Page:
Jerusalem mosque burned, vandalised in suspected hate crime by Israeli extremists

Jerusalem mosque burned, vandalised in suspected hate crime by Israeli extremists
The mosque in East Jerusalem's Beit Safafa neighbourhood suffered damage in the suspected arson attack but no one was hurt.
3 min read
24 January, 2020
The East Jerusalem mosque was vandalised by graffiti [Twitter/@marejala_ps]
A mosque in Israeli-annexed East Jerusalem was burned and vandalised in a suspected hate crime early on Friday. 

The mosque in the Beit Safafa neighbourhood suffered damage in the attack but no one was hurt, Israeli newspaper Haaretz reported.

Firefighters were called to the scene and quickly brought the blaze under control. Police have opened an investigation into the suspected arson attack.

"Police were summoned to a mosque in Beit Safafa, in Jerusalem, following a report of arson in one of the building's rooms and spraying of graffiti on a nearby wall outside the building," a police statement said.

"A wide-scale search is taking place in Jerusalem," police spokesman Micky Rosenfeld told AFP. "We believe that the incident took place overnight. We are searching for suspects."

The spokesman would not say if police viewed it as a hate crime.

The mosque was branded by graffiti referencing the illegal West Bank settlement outpost of "Kumi Ori" - the site of several clashes between settlers and Israeli soldiers.

The graffitti on the building read "Destroying Jews? Kumi Ori is destroying enemies!". 

Ofer Cassif, a parliamentarian from the Palestinian-majority Joint List, condemned the hate crime, saying in comments quoted by Haaretz, "when the police and the General Security Services deliberately refrain from punishing the rioters, it will come as no surprise if people will also soon be burned".

"There is no doubt that disregarding the state is a high instruction, from Netanyahu himself. The events serve him," Cassif added.

Earlier this month, Israel destroyed two structures on Kumi Ori hill during which one person was arrested for assaulting Israeli soldiers.

The Times of Israel newspaper said on Friday that the wildcat outpost "is home to seven families along with roughly a dozen extremist Israeli teens".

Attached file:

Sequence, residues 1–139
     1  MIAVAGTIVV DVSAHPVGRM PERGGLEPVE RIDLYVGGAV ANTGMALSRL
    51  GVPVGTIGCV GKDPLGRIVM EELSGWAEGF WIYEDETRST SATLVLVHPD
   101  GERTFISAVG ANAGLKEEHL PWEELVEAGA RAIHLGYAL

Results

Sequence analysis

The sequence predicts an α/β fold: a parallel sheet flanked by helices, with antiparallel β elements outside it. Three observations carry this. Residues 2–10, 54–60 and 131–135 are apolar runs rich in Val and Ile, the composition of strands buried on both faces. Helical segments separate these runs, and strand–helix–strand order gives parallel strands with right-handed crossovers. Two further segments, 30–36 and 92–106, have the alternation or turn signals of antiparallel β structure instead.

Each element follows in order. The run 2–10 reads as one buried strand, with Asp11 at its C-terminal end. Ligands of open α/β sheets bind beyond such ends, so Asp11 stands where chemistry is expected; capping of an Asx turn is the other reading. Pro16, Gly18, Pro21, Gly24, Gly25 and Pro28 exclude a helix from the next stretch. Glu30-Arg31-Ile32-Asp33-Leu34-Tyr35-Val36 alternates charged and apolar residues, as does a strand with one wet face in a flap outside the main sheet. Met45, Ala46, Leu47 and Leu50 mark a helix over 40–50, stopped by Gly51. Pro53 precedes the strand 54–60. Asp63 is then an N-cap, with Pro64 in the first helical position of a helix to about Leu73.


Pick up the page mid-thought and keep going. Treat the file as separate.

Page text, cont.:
All settlements on occupied Palestinian land are considered illegal under international law, but Israel distinguishes between those it has approved and those it has not. 

The paper said that "a number of young settlers living there were involved in a string of violent attacks on Palestinians and (Israeli) security forces."

Vandalism against Palestinian sites and communities in Israel are becoming increasingly common.

Vandals in northern Israel slashed the tyres of some 20 cars and scrawled anti-Palestinian and anti-Muslim slogans on buildings in a majority Palestinian town in December. 

These incidents bear the hallmark of a "price tag" attack, a euphemism for Jewish nationalist hate crimes that generally target Palestinian property in revenge for attacks against Israelis.

Palestinians constitute around 20 percent of the population of the State of Israel, mainly descendants who remained on their land in 1948, when Zionist militias forcibly expelled the vast majority of Palestinians from what is now Israel.

They have regularly suffered discrimination in Israel in areas such as housing, healthcare, and education. The 2019 Israeli "nation-state" law stated that only Jewish citizens of Israel have the right to self-determination in Israel.

Follow us on Twitter and Instagram to stay connected